This can only be achieved when every piece of information can be collected, analyzed and shared between the different business units and their associated systems within the enterprise — from the plant floor to the control room, to business and enterprise management systems.
Which of the company’s benchmarks or innovation breakthroughs are you particularly proud of — and why?
Sometimes innovation takes a little luck. As industry standardized the interface between equipment and applications, the thought was that every equipment vendor would develop and provide the one-and-only standard interface for communication with its products. Kepware recognized a couple things in the early days. The first was that hardware vendors don’t always develop the best application-level software. Second was that, as a small company, Kepware (we were less than 10 people back in the mid-1990s) needed to develop a wide variety of solutions with minimal maintenance and overhead. The concern about maintainability pushed us down the path of creating a single platform that enabled connectivity to a wide variety of disparate devices — allowing for a single product codebase and significant code reuse. As a software company, we were able to deliver superior application-level services for other applications to interface with.
What we had not thought of early on, and what I mean by being lucky in innovation, is that enterprises are typically made up of a wide variety of systems, equipment and devices from different manufacturers. Though standards define the interface between hardware and software, every vendor interprets and develops its own unique solutions. Kepware’s single platform — though developed with maintainability in mind — provided the market with a common interface: configuration tools, diagnostic tools, runtime behavior and expectations across every piece of equipment we developed connectivity to. This was a clear differentiator in the marketplace.
How do you characterize Kepware’s growing international markets?
Kepware has always been an engineering-driven company. As such, a majority of our success has been through the optimization of our Web presence, allowing potential customers to find us, rather than proactively finding them. We have one office that houses all Kepware employees here in Portland. However, we service customers all over the world who are running their business outside of our Eastern Time Zone. In order to compete over the years, we have signed up several distributors who resell and support our products within their regions. Our prior success was simply creating a great product and hoping our distributors would become successful on their own. What we have recognized over the years is that we need to provide more — we need to provide the appropriate training, marketing and product material, localized for the various languages and regions across the globe. We also need to be proactive to ensure that we understand market needs around the world and ensure that we are delivering the appropriate solutions to meet real world needs.
Recently we have invested significantly in our sales and marketing teams and initiatives. These teams are being developed to better support our distribution channel. In addition, we plan on additional co-marketing, representation at regional events and expansion of our connectivity options, based on the dominant hardware vendors within a specific region. This dedication is already producing more mindshare in our distributors and better visibility abroad.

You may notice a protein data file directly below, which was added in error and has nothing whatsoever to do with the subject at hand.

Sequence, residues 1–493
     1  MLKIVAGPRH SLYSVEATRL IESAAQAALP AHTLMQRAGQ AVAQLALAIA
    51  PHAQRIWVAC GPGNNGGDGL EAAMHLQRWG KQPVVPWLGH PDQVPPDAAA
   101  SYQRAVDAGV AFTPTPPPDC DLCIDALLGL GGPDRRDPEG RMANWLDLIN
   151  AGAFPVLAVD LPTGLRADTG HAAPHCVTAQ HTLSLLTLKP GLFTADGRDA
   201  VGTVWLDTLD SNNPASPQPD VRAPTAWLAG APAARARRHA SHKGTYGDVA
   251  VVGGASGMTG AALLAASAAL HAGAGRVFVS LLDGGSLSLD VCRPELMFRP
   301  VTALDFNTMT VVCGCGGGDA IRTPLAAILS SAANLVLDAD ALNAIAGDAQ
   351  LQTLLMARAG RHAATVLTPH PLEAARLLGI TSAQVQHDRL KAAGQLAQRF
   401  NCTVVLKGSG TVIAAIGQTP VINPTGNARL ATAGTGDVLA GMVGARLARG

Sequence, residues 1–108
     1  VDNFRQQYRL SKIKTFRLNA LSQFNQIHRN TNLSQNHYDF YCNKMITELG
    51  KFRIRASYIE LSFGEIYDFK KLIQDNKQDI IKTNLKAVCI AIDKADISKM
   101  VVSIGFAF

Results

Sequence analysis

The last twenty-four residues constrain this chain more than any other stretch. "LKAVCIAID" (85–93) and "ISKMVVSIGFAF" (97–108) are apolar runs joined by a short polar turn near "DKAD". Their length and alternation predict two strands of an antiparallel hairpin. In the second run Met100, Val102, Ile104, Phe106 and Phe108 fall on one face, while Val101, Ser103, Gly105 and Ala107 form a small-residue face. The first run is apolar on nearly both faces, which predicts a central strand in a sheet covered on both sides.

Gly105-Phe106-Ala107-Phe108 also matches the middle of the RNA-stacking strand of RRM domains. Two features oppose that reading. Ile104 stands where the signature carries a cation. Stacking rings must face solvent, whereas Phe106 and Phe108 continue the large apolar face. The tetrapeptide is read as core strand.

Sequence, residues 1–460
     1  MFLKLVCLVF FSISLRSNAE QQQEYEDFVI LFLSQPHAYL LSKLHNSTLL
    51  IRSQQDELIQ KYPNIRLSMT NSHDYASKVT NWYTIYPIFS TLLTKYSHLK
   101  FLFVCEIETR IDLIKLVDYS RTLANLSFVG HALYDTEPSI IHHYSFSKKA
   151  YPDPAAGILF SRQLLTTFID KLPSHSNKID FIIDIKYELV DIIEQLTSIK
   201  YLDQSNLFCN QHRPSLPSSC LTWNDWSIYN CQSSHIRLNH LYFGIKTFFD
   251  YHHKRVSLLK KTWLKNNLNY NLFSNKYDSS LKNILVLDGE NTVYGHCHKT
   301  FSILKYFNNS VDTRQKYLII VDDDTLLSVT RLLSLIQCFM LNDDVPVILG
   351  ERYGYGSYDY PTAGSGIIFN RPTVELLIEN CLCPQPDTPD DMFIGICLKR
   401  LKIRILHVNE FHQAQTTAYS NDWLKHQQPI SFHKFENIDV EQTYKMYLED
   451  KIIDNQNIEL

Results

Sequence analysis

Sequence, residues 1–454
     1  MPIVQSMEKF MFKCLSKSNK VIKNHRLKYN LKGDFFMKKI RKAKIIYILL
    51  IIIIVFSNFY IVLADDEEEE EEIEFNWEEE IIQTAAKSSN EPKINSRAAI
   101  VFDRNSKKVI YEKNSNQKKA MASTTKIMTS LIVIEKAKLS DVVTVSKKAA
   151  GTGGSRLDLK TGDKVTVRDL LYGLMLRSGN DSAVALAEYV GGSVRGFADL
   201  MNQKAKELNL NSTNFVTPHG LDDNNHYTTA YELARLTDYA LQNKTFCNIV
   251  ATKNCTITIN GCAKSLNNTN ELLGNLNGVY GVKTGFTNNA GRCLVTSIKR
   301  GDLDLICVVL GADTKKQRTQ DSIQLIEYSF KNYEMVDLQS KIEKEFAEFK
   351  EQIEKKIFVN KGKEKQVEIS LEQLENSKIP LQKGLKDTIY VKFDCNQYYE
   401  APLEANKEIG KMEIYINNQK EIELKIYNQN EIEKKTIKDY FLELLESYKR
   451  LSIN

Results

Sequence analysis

What’s next for Kepware?
To date, we have primarily focused on device-level communications. Unfortunately, there is not a single standard interface for exchanging information between every application or system within an organization. Different industries create their own standards (so power systems are not able to communicate with building lighting or HVAC); large vendors create their own proprietary, but documented interfaces. Depending on what layer you are working with, the enterprise (ERP), business (MES), control (HMI/SCADA); each has its own sets of interfaces. It is unrealistic that everyone in the world will adopt a single language for exchanging information anytime soon, and Kepware sees an opportunity to tie into different systems across the different layers, different vendor- specific applications and different industry specific interfaces. As such, Kepware will invest in adding additional adapters that will provide data to a much wider set of applications.
How did UMaine prepare you for your career?
UMaine and, in particular, the Department of Electrical and Computer Engineering (ECE), provided me with a solid set of skills to enter the workforce. The ECE curriculum was very challenging and provided an escalating challenge of courses and associated problems throughout my four years. Each challenge pushed me to stretch my mind — from investigation and research, to trial and error and, at the end of the day, learning how to learn. I also think there was a special mindset with studying in Orono — kind of a “we are from the sticks and we need to do it better than everyone else.” I saw this with the faculty and classmates from all over the state. I came out of UMaine striving for excellence — something I still hold on to on a daily basis and will continue to do so throughout my career, as it has pushed me to achieve things I never would have imagined over 20 years ago.
Image Description: Tony Paine